Archive for the 'bush' Category

Sunlight hits the snow

I like a nice play in the snow. I’d texted 25 or so to see who wanted to go. I got 4 in the end. Useless bunch of lay abouts the lot of you…

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Sparky apparently looks like the phone jacker with that hat. Which is still in my car dude

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Maysie looks like he was born in the hills

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Rachel was the only one not squinting with the sensible and cool looking sunnies

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That’s an unfortunate picture of Coils i know. Apologies. I made it very small if that helps…

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I always look this good.

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The hills on the other hand have rarely looked better.

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And I’ve no idea how that car managed to get there.

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The Big Trip – Day 3

Sleeping on: sweet bed

Mostly listening to: jonny cash, van morrission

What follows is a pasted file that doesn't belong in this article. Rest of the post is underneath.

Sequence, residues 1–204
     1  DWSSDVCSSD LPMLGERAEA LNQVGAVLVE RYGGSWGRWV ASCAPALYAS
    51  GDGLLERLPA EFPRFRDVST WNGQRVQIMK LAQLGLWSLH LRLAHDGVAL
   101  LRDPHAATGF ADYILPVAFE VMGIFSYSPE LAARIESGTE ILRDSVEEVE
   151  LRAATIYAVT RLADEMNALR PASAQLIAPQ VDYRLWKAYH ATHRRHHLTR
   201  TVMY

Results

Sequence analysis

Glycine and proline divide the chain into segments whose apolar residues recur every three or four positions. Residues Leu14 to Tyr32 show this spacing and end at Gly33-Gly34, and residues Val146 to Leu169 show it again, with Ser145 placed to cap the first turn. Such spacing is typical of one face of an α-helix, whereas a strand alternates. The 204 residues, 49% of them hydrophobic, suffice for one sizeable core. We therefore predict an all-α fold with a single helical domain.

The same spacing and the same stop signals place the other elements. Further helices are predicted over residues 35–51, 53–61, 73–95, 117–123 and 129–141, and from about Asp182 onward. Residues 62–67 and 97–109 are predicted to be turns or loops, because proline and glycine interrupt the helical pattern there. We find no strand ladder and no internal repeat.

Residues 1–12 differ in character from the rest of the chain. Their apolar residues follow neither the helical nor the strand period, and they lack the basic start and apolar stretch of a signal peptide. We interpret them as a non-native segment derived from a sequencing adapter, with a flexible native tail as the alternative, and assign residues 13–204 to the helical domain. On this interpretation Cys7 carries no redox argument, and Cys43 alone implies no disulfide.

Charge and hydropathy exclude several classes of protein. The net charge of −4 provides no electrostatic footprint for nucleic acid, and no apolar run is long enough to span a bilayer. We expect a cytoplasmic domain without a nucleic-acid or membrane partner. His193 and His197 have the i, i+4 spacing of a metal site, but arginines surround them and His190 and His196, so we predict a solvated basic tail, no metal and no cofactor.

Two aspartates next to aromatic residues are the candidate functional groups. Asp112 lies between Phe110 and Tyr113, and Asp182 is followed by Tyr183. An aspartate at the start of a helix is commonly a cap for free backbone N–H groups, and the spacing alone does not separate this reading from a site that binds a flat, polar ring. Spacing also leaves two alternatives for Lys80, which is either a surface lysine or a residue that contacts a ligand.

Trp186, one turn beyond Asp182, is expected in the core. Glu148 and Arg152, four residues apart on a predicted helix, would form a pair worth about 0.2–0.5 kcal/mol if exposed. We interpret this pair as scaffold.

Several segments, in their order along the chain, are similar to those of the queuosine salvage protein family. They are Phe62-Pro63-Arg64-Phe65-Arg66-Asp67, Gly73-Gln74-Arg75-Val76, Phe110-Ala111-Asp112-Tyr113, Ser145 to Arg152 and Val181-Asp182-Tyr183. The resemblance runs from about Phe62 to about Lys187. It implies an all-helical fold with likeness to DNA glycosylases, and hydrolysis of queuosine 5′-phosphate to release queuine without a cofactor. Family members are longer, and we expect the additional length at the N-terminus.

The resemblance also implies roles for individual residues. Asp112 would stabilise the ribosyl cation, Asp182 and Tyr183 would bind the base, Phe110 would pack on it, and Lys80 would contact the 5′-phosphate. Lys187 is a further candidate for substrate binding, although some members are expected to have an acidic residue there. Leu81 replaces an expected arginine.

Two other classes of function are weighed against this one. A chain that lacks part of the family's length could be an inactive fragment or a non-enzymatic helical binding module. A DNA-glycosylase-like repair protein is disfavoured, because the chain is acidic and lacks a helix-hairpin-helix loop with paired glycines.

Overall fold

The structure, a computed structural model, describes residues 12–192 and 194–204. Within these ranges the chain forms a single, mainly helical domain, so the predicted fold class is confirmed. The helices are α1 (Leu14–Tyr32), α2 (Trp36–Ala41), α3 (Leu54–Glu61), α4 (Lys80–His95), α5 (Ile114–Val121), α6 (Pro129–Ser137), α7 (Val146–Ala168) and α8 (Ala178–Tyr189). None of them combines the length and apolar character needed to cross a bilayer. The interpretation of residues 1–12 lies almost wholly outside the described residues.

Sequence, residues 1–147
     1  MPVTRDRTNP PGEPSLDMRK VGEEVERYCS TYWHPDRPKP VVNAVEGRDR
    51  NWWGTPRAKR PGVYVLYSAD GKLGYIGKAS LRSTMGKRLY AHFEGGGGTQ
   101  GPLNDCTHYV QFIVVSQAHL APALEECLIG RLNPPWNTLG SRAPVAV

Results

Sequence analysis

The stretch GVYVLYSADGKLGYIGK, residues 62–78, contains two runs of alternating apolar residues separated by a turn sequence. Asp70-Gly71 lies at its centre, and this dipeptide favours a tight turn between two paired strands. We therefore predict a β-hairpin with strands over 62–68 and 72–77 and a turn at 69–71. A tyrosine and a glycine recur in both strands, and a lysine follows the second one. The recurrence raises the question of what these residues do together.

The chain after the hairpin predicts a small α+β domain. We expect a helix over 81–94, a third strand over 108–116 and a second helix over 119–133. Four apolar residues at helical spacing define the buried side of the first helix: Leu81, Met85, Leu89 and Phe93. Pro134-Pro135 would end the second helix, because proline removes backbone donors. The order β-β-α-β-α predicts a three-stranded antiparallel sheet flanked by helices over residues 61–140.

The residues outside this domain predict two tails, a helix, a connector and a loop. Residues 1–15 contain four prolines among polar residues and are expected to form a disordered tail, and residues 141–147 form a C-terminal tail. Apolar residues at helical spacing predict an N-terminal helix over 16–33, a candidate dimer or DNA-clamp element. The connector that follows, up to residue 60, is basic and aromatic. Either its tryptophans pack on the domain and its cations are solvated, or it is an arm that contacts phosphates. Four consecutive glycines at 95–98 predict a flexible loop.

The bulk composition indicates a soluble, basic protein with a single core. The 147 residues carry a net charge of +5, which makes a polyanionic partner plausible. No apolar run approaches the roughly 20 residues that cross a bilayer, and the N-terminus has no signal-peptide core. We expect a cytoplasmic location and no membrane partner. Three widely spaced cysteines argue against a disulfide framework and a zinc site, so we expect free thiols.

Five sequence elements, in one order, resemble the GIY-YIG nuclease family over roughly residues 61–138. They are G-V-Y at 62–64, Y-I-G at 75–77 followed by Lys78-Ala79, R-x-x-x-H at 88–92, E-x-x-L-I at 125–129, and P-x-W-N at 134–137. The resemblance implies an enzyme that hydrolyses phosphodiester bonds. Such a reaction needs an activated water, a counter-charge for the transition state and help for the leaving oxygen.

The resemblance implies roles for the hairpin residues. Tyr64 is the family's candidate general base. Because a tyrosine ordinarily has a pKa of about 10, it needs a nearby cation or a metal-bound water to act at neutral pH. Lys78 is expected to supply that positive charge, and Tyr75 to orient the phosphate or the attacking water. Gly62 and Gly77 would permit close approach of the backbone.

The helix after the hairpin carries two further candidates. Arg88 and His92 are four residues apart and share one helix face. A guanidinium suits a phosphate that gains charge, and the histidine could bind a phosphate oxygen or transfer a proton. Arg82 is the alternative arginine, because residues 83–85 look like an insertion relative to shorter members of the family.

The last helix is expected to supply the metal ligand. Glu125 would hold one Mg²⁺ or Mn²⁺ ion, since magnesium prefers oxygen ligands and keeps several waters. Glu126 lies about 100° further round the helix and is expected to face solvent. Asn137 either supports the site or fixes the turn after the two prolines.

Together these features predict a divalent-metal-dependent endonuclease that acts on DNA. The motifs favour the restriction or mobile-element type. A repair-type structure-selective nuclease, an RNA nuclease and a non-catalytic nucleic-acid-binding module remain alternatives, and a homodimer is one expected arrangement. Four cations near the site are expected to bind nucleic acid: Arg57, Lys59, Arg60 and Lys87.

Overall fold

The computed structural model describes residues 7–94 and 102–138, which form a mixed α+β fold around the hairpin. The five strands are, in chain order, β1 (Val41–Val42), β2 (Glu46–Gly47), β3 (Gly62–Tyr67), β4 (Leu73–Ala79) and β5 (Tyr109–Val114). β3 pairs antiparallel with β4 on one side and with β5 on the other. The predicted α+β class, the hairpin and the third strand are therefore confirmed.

Weather: cloud and flippin rain

KMs: 720

Coffees: 2

Eating: lamb on kumara mash

Place name of the day: ianthe forest (i kid not- must be in the pronunciation)

Got up early and made a wee cup of the black stuff on the gas stove i brought with me. There was a kettle in the kitchen about 20 yards away but we all know that wasn’t the point. This is play acting at the full camping experience.

Have killed about a million sand flys (big midges) already. But they keep coming back for more. Have spent the morning (while si and ruth sleep) observing the local widlife. A really cool stick insect has made my wing mirror its home. Though it may have just went there to die – haven’t seen it move yet. In fact it may just be a stick in retrospect.

A slug is very slowly making its slimy way across my windscreen and there’s lots of cool wee birds of indeterminate types plucking insects out of the bushes.
There’s also a family of ducks. At least i presume they were a family, they acted more like two rival gangs but i like to pretend ducks have normal family lives.

Come to think of it, normal family lives can mean gang warfare.

Waddling along came two ducks, proper ducks coloured bits and all. Making a move on my tent to see if it was edible. Following them were two smaller, fluffier ducks. Parents and kids you would think. After a while a squabble breaks out (i’m wandering around the ducks, who seem oblivious to my presence, taking photos of the whole thing like some kind of photojournalist in the middle east.), the kids are making a lunge for the parents, as if to say (and i paraphrase here) ‘that’s my possibly edible tent and kayak, get lost’. Lots of quacking and flapping of wings goes on, ‘your mama’s so fat jokes’ abound. The parents retreat to fight another day.